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Abstract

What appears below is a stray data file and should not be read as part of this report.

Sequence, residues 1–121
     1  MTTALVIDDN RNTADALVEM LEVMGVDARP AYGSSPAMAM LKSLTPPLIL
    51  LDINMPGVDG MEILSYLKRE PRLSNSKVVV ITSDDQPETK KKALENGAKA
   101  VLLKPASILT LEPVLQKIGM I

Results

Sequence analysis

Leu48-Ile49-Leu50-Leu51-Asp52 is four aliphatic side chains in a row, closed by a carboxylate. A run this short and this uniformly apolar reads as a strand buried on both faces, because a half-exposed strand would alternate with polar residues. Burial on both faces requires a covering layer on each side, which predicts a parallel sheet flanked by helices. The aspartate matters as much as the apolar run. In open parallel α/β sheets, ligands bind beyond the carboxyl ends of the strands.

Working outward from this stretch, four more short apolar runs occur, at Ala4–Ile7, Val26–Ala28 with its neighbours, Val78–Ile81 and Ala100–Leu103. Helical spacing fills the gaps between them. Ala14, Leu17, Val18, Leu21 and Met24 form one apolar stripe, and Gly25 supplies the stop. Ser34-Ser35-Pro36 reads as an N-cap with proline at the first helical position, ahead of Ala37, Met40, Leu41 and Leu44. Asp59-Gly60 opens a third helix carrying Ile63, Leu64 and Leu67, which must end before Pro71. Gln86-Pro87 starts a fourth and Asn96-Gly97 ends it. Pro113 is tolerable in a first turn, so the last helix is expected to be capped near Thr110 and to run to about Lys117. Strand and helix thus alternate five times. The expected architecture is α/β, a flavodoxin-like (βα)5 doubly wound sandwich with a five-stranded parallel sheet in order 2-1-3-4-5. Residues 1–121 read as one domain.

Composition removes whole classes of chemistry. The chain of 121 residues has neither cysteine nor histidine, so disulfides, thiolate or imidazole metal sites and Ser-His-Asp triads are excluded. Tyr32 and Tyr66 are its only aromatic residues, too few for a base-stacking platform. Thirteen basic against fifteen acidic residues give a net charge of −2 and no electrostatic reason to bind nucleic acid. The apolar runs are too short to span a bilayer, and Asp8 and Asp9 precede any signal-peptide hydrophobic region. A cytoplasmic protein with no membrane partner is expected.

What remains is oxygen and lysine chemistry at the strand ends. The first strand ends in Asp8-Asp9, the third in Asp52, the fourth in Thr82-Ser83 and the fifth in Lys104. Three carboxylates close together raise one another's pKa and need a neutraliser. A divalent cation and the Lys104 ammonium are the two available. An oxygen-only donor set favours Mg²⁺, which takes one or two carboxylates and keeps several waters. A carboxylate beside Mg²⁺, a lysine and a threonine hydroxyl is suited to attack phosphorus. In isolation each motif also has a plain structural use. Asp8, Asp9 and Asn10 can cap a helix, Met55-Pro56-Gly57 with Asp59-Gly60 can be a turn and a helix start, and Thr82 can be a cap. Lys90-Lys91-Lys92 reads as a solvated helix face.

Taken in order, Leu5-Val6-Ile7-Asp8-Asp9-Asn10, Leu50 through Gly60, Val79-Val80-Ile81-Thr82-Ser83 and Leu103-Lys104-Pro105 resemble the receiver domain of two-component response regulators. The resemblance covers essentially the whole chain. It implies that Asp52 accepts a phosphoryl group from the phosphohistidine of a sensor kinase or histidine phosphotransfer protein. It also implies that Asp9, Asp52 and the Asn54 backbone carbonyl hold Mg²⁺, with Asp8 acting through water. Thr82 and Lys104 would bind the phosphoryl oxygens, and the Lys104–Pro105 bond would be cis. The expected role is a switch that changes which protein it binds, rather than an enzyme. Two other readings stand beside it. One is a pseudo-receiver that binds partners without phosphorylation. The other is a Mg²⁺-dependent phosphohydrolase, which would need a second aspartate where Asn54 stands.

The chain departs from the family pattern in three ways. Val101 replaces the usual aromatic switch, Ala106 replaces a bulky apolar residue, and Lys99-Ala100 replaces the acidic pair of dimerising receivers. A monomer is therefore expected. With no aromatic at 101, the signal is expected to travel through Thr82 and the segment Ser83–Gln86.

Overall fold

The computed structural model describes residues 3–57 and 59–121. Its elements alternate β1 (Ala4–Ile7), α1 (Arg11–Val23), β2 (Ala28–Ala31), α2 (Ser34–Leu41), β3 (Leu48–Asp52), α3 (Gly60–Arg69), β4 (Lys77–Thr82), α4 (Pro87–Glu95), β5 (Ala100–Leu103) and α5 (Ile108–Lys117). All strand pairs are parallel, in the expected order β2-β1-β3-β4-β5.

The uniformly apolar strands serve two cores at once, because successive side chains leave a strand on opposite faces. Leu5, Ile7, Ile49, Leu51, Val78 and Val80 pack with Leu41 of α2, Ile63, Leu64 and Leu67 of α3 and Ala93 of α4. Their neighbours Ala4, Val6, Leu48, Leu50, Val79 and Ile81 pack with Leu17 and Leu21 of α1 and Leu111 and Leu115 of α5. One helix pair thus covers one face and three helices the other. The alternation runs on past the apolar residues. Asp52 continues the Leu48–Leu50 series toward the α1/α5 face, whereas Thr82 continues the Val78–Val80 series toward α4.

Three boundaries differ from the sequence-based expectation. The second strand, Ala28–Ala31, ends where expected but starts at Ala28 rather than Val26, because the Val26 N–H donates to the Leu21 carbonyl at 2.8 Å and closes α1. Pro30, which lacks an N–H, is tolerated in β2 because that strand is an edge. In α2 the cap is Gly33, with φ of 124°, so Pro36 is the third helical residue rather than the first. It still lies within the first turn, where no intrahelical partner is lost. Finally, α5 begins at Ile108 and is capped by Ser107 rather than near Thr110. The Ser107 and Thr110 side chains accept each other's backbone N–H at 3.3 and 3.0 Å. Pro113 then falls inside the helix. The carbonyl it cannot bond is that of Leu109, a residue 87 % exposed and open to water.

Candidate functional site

The National Council on Disability (NCD) is a federal agency that connects members of a broad disability community to federal policymakers within the deliberative system (Mansbridge, 2012) that constitutes the disability rights movement in the U.S. In this critical discourse analysis, the author considers the Council's depiction of the deliberative system in its publication Equality of opportunity: The making of the Americans with Disabilities Act (NCD, 2010). Paying particular attention to discourses of unity and difference within this history of the ADA and in NCD’s About Us web pages, the study looks to understand how the Council’s depiction of the disability community and portrayal of its own role within the deliberative system impacts their legitimacy within the disability rights movement. Interrogating the ways in which unity is privileged over diversity in NCD’s history of the ADA shows how the Council exhibits a consensus democratic orientation that presents the disability community as an unwavering force to be reckoned with, positions the National Council on Disability at a position of power within its deliberative system, and highlights the deliberative nature of NCD’s mission. However, the ways in which NCD’s history of the ADA downplays difference in favor of unity sidesteps stakeholder concerns and fails to engage with social difference as a resource for inclusion and collaboration. Further, NCD discourse works to define human worth in terms of work and deliberation in terms of consensus in ways that reinforce stigma around disability and exclude underrepresented groups. The author offers some practical suggestions aimed at helping the Council and other policymakers and leaders in social justice movements to incorporate more pluralist perspectives to address issues of exclusion.

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